Freeport-McMoRan Short-Term Sell Signal Flashes Again

With earnings due out late in the month, July options on FCX are cheap

Jul 5, 2018 at 10:57 AM
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Mining giant Freeport-McMoRan (NYSE:FCX) has been trending lower since late January, with the stock now down 10.8% year-to-date to hover at $16.91. The shares have notched a series of lower highs along the way, and as a result, FCX has breached former support at its 80-day moving average. Based on historical returns from Schaeffer's Senior Quantitative Analyst Rocky White, the commodity stock's latest rally up to this trendline could be a viable sell signal for short-term bears.

Looking back over the past three years, there has been only one prior instance of FCX rising to within one standard deviation of its 80-day moving average after a lengthy stretch of time spent below it (defined as 60% of the time over the preceding two months, and at least eight of the previous 10 trading days). Following that prior occurrence, the stock was down 4.72% a month later.

FCX is pulling back from its 80-day in today's trading, which has the stock testing its footing around its 200-day moving average. This benchmark trendline cushioned the equity's mid-November 2017 lows, but proved itself an unreliable layer of support during a couple of second-quarter tests. Instead, the 320-day moving average stepped up to contain FCX's early May drop.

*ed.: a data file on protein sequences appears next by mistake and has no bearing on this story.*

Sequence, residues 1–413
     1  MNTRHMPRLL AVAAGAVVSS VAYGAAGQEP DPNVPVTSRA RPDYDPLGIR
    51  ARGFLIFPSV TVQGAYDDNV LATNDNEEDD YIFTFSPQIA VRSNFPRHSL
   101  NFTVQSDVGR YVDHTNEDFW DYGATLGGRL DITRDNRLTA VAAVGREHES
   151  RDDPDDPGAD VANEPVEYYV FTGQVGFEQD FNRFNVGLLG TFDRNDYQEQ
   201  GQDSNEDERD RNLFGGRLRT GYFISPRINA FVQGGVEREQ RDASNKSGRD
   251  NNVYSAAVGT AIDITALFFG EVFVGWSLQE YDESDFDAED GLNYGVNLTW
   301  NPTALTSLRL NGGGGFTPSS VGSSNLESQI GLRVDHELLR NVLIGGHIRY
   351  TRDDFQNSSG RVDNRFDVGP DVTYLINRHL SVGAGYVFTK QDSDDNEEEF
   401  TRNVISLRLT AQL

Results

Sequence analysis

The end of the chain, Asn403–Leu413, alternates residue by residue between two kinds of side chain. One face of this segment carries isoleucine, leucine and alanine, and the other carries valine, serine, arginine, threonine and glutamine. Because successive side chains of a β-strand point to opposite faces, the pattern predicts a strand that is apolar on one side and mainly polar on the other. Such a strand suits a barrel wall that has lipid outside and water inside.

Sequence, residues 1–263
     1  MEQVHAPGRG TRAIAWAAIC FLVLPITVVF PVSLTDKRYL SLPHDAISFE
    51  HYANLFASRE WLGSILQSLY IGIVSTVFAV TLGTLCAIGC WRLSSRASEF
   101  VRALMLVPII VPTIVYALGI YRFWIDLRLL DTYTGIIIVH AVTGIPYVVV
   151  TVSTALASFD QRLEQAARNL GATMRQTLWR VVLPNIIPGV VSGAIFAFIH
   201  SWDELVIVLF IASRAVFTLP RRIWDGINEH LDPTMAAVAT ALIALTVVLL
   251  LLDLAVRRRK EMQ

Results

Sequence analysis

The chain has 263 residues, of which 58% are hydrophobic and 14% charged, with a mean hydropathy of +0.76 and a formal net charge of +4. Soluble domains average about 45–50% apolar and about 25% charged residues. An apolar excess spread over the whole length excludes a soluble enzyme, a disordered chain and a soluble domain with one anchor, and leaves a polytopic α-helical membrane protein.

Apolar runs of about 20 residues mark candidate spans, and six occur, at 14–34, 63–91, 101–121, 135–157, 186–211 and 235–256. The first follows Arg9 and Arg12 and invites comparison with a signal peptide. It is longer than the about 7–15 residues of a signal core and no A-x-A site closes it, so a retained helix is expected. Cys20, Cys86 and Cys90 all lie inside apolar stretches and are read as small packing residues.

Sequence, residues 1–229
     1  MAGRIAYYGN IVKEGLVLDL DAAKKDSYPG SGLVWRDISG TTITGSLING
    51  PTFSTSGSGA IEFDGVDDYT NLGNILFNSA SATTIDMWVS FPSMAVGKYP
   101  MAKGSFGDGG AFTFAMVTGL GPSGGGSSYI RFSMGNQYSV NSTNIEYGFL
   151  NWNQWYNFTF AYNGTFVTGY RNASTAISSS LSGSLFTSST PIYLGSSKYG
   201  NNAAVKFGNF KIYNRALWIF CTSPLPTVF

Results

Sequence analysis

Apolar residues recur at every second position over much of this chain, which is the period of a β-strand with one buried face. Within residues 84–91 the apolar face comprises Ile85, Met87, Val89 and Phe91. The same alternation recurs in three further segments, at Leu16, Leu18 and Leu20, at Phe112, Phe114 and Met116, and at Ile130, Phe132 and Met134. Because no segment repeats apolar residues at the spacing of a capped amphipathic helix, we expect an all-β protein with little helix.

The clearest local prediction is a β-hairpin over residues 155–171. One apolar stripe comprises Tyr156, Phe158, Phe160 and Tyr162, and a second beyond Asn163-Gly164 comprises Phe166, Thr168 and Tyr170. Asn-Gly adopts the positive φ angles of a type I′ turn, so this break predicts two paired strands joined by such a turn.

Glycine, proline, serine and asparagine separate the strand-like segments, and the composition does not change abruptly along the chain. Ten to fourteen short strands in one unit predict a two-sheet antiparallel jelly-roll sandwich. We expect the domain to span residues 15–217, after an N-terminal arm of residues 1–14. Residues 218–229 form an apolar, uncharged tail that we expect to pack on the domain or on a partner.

fcx 80-day sell signal

Despite the equity's technical troubles, calls have dominated the FCX options action lately. Over the past 10 days, traders on the International Securities Exchange (ISE), Chicago Board Options Exchange (CBOE), and NASDAQ OMX PHLX (PHLX) have bought to open 24,729 calls on FCX, compared to just 3,912 puts. The resulting 10-day call/put volume ratio of 6.32 registers in the 87th annual percentile, revealing a stronger-than-usual skew toward bullish bets over bearish.

With FCX not due to report earnings until after July options expiration, front-month bets on the stock are going cheap. Schaeffer's Volatility Index (SVI) checks in at 40%, which registers in the 27th percentile of its annual range. In other words, short-term FCX options have been cheaper from a volatility standpoint only 27% of the time in the last 52 weeks. As such, traders expecting another move lower following FCX's latest 80-day rejection may want to consider standard monthly July puts.

 

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